Biography and Poetical Remains of the Late Margaret Miller Davidson ...

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Clark, Austin & Company, 1850 - 232 pages
 

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Page 109 - WHEN I can read my title clear To mansions in the skies, I bid farewell to every fear, And wipe my weeping eyes.
Page 50 - So dear to Heaven is saintly chastity, That, when a soul is found sincerely so, A thousand liveried angels lackey her, Driving far off each thing of sin and guilt, And in clear dream, and solemn vision, Tell her of things that no gross ear can hear, Till oft converse with heavenly habitants Begin to cast a beam on the outward shape, The unpolluted temple of the mind, And turns it by degrees to the soul's essence, Till all be made immortal.
Page 29 - ... judicious nurse, yet the soft and gentle voice of my little darling was more than medicine to my worn-out frame. If her delicate hand smoothed my pillow, it was soft to my aching temples, and her sweet smile would cheer me in the lowest depths of despondency. She would draw for me — read to me ; and often, when writing at her little table, would surprise me by some tribute of love, which never failed to operate as a cordial to my heart. At a time when my life was despaired of, she wrote the...
Page 206 - mid its varied records find A heart at ease with all mankind, A firm and self-approving mind! Grief, that had broken hearts less fine, Hath only served to strengthen thine; Time, that doth chill the fancy's play, Hath kindled thine with purer ray; And stern disease, whose icy dart Hath power to chill the shrinking heart, Has left thine warm with love and truth, As in the halcyon days of youth.
Page 128 - Who coverest thyself with light as with a garment; who stretches! out the heavens like a curtain: Who layeth the beams of his chambers in the waters: who maketh the clouds his chariot: who walketh upon the wings of the wind...
Page 48 - I hovered upon the borders of the grave; and when I arose from this bed of pain, so feeble that I could not sustain my own weight, it was to witness the rupture of a blood-vessel in her lungs, caused by exertions to suppress a cough. Oh, it was agony to see her thus! I was compelled to conceal every appearance of alarm, lest the agitation of her mind should produce fatal consequences. As I seated myself by her, she raised her speaking eyes to mine with a mournful, inquiring gaze; and as she read...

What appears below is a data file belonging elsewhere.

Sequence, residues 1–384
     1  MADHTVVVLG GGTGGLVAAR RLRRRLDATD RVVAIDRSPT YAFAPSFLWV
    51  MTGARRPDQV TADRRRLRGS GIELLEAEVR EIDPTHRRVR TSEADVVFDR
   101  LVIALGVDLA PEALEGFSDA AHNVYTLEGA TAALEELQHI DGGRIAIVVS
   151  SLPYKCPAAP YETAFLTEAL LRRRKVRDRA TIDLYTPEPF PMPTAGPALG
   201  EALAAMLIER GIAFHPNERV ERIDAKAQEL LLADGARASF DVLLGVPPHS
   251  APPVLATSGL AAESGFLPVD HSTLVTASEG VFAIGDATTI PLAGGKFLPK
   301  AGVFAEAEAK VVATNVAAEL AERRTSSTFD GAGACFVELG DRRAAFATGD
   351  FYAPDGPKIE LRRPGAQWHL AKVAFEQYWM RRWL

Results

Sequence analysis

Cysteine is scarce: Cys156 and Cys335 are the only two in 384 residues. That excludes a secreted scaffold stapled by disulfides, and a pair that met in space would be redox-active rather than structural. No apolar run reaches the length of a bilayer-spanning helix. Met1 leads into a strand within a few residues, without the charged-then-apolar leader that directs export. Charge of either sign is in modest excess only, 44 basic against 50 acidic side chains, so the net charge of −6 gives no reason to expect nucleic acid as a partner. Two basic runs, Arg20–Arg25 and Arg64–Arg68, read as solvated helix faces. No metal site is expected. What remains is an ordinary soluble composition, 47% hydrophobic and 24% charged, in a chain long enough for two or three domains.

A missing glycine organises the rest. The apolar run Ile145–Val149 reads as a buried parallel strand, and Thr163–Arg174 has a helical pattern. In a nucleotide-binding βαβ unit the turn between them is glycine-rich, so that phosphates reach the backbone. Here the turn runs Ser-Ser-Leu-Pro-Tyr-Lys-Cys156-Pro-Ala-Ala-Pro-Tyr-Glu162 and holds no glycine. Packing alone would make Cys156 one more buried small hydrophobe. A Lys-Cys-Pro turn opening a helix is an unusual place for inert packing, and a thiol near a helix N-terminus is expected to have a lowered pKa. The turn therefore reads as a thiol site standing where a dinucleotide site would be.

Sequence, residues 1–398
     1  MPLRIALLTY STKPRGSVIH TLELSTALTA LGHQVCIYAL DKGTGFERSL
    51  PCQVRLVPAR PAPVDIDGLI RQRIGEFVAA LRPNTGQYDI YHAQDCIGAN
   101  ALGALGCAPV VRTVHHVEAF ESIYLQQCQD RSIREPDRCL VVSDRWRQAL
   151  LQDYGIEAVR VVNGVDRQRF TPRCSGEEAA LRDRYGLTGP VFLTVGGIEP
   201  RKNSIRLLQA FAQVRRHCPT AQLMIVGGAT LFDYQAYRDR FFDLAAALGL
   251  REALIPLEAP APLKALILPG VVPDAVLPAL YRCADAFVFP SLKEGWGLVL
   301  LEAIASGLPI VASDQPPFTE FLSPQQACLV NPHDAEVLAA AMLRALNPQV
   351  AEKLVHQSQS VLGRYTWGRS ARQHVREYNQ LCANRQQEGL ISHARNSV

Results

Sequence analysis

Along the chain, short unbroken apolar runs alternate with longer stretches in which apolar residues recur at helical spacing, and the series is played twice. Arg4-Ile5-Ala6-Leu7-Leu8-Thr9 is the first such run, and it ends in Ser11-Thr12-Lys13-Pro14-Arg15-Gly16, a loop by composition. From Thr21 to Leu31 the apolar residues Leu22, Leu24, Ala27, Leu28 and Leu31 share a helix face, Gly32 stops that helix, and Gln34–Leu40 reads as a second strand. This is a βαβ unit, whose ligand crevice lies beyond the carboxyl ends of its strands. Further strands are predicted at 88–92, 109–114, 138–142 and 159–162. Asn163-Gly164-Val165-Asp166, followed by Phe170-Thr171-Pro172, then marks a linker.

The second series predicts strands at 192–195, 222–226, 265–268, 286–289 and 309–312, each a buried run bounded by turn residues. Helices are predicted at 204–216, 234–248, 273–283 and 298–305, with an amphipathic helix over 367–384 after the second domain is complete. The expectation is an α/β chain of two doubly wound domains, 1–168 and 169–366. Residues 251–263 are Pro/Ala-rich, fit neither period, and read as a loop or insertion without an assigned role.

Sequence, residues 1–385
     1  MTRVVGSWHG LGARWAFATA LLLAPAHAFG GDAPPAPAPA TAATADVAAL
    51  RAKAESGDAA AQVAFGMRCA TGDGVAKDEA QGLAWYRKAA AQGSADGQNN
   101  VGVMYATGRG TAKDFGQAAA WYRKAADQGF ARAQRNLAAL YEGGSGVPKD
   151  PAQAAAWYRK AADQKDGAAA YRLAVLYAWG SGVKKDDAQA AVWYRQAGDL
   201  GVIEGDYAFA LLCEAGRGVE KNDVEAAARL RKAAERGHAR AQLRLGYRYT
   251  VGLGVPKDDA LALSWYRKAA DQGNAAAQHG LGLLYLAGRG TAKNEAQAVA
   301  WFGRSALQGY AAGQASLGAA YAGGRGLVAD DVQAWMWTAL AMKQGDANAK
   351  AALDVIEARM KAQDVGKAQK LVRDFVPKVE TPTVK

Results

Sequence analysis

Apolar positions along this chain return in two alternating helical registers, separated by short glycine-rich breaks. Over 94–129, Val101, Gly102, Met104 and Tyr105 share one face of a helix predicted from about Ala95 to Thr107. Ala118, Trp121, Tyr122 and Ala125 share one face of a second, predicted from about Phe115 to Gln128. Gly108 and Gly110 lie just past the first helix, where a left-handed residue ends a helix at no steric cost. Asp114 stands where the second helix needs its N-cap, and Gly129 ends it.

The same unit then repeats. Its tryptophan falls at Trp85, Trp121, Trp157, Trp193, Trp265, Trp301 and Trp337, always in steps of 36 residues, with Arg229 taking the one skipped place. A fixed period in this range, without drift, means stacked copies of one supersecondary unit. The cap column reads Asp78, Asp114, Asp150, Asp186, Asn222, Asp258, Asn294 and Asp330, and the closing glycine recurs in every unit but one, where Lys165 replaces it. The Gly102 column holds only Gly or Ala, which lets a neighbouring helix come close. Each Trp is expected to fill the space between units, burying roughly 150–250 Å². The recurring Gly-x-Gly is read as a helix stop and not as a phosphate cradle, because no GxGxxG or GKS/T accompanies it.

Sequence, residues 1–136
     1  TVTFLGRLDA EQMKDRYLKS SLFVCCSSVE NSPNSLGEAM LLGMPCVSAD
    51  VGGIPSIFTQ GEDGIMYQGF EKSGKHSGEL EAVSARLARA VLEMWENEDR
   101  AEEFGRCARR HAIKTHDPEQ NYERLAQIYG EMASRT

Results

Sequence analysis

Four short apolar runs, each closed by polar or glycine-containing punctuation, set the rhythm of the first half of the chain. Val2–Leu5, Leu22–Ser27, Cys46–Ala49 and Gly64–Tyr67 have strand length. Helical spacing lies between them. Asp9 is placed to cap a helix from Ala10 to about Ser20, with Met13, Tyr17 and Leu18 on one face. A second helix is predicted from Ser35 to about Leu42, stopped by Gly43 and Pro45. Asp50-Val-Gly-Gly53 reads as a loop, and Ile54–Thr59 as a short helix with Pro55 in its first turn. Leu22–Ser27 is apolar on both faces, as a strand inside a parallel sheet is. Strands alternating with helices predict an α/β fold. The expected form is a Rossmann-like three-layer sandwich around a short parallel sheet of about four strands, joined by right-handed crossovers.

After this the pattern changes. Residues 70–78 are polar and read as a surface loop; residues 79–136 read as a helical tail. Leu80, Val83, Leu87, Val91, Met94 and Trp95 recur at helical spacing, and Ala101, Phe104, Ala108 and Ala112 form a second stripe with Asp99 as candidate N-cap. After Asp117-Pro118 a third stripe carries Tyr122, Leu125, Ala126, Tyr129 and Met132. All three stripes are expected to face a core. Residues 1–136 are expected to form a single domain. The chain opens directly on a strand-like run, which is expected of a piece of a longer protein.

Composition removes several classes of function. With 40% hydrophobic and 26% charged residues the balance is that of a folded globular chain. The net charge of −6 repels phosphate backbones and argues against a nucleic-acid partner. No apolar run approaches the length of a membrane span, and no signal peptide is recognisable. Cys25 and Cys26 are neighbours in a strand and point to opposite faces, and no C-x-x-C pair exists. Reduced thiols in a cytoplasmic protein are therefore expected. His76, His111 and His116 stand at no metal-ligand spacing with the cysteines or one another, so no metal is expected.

Page 160 - By this means it had remained standing for several hundred years, in defiance of storms and earthquakes, while almost all other buildings of the Moors had fallen to ruin and disappeared. This spell, the tradition went on to say, would last until the hand on the outer arch should reach down and grasp the key, when the whole pile would tumble to pieces, and all the treasures buried beneath it by the Moors would be revealed.
Page 49 - Not a murmur escaped her lips," says her mother, " during her protracted sufferings. ' How are you, love? how have you rested during the night?' 'Well, dear mamma; I have slept sweetly.' I have been night after night beside her restless couch, wiped the cold dew from her brow, and kissed her faded cheek in all the agony of grief, while she unconsciously slept on; or if she did awake, her calm sweet smile, which seemed to emanate from heaven, has, spite of my reason, lighted my heart with hope.
Page 19 - Margaret, from the first dawnings of intellect, gave evidence of being no common child : her ideas and expressions were not like those of other children, and often startled by their precocity. Her sister's death had made a strong impression on her, and, though so extremely young, she already understood and appreciated Lucretia's character. An evidence of this, and of the singular precocity of thought and expression just noticed, occurred but a few months afterwards. As Mrs. Davidson was seated, at...
Page 32 - I have not written it yet."—" But how is this ! Do you make the dresses first, and then write the play to suit them ?"—" Oh !" replied she gaily, " the writing of the play is the easiest part of the preparation ; it will be ready before the dresses.

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